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Clinton Will Appeal Line-Item Veto Ruling

President says he's 'disappointed' with judge's decision

WASHINGTON (AllPolitics, April 11) -- A frustrated President Bill Clinton vowed a quick appeal today, after a federal judge declared his new line-item veto power unconstitutional.

Clinton, asked about the legal ruling after a luncheon speech to newspaper editors, said he was disappointed "and I intend to appeal it."

"I think the line item veto is very important in helping preserve the integrity of federal spending," Clinton said. "And I hope very much we can sustain it. And we have to appeal it."

Asked about the line-item veto's constitutionality, Clinton said, "Well then, we ought to give the Supreme Court a chance to have their say on it."

On Thursday, U.S. District Court Judge Thomas Penfield Jackson ruled that the year-old, line-item veto law violates the Constitution's separation of powers.

The law, which took effect in January, allows the president to pencil out specific spending provisions in bills passed by Congress without vetoing the entire measure. Many state governors have similar power to line out wasteful or special interest spending.


But in his opinion, Judge Jackson said the law violates the U.S. Constitution's basic tenets.

"Where the president signs a bill but then purports to cancel parts of it, he exceeds his constitutional authority and prevents both houses of Congress from participating in the exercise of lawmaking authority," Jackson wrote.

"Never before has Congress attempted to give away the power to shape the content of a statute of the United States, as the Act purports to do ... Congress has turned the constitutional division of responsibilities for legislating on its head," the judge wrote.

After Clinton offered his reaction, the White House issued a statement expanding on his remarks. The president's statement said:

"I firmly believe that the lower court has ruled incorrectly in striking down this landmark line-item veto legislation. I continue to believe that the line-item veto -- a power exercised by 43 governors -- is an important tool for the president to strike wasteful spending and tax items legislation. The last Congress took the right step in enacting this important tool, and I was very pleased to sign it into law.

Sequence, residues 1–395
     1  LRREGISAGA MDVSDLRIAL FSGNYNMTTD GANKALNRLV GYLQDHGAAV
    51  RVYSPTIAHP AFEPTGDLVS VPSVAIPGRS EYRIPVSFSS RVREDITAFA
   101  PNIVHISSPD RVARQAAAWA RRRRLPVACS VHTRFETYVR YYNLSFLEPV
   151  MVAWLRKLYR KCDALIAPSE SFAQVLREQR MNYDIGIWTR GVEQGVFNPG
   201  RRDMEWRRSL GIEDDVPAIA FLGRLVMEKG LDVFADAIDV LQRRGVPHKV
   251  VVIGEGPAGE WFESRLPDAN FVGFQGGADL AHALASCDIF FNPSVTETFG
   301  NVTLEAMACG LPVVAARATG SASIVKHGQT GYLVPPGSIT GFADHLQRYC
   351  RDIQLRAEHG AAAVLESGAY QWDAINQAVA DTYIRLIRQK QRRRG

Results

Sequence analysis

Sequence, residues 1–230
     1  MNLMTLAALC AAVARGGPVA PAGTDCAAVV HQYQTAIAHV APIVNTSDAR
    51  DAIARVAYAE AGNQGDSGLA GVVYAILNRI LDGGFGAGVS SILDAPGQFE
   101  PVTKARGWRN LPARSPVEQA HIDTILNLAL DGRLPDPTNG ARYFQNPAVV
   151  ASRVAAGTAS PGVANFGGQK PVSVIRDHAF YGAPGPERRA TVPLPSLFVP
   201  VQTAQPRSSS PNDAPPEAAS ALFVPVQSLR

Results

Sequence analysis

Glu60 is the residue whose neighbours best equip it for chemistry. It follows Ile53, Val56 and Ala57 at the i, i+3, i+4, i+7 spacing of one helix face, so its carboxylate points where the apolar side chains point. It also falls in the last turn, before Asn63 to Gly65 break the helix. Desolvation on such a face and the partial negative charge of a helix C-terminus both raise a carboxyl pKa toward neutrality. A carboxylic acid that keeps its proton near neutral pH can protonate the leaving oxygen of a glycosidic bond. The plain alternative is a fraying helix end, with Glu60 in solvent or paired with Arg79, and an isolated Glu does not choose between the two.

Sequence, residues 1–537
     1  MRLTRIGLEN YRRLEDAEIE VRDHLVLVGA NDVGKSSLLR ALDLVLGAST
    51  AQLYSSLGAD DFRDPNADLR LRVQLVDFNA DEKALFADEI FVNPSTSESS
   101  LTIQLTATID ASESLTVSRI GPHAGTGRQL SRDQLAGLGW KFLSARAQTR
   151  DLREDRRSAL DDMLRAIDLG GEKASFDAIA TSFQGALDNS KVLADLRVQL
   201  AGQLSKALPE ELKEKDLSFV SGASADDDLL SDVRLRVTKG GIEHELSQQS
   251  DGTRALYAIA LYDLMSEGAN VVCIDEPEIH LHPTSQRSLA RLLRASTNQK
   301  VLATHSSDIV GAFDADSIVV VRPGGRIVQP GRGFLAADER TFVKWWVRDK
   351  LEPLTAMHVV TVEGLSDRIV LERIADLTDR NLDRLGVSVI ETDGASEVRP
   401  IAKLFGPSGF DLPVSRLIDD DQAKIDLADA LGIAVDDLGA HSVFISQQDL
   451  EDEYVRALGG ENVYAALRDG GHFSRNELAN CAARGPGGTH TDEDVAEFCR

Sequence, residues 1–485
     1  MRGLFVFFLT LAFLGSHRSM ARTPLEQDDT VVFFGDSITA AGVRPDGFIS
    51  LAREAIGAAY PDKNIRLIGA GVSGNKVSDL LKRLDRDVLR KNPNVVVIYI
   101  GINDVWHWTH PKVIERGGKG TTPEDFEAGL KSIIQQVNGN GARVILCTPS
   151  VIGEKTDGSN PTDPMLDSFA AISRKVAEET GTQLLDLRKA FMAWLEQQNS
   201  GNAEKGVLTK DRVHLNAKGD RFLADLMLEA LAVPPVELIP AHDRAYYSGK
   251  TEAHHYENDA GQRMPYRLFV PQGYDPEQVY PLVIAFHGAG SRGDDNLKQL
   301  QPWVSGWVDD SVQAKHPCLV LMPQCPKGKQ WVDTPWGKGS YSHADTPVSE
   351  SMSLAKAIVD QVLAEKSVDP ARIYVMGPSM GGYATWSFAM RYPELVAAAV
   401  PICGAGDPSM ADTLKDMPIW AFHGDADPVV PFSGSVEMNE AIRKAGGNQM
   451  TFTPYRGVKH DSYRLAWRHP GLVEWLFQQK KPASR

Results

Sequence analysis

"The Solicitor General has reviewed the decision and has authorized an immediate appeal to the United States Supreme Court. The Solicitor General intends to ask the Supreme Court to expedite the consideration of the appeal and to schedule argument in June so that the case can be decided before the conclusion of the Court's term at the end of June.

"This action has my strong support," Clinton added. "It is my hope that it will result in an expedited ruling that clears up any confusion."


Earlier in the day, on CNN, Treasury Secretary Robert Rubin called the decision "very disappointing." (96K wav sound)

In Congress, some members who had challenged the law were happy with the ruling. Sen. Robert C. Byrd (D-W.Va.), who with five other members of Congress had filed the challenge, had argued the law was an unconstitutional encroachment of Congress' legislative power.

"I am very pleased with the court's decision, which I believe to be a great victory for the American people and our Constitution," Byrd said in a statement.


Sen. Robert Bennett (R-Utah), who voted for the line-item veto, noted that the law included a sunset clause. "One of the things I liked about it was that it had a sunset on it, so that if it didn't work we would have an out, but we should try it," Bennett said.

"It looks like the courts are saying we shouldn't even try it and probably we are less well off, because we won't have the experience," Bennett said. "But as a permanent thing I think we should be careful about moving in that direction."

House Majority Leader Dick Armey (R-Texas) offered a tongue in cheek reaction.


"Sometimes you get judicial rulings that gladden you and sometimes you don't," Armey said. "I have found that almost every time I have gotten a judicial ruling I disagree with, the judge was an idiot." (128K wav sound)

"On the other hand I have seen some brilliant judges come down on my side of the issue. It just happens that way. I am sure there is a further appeals process and I am sure that there will be other opportunities for judicial review," Armey said. Armey made his comments before the administration announced it would appeal.

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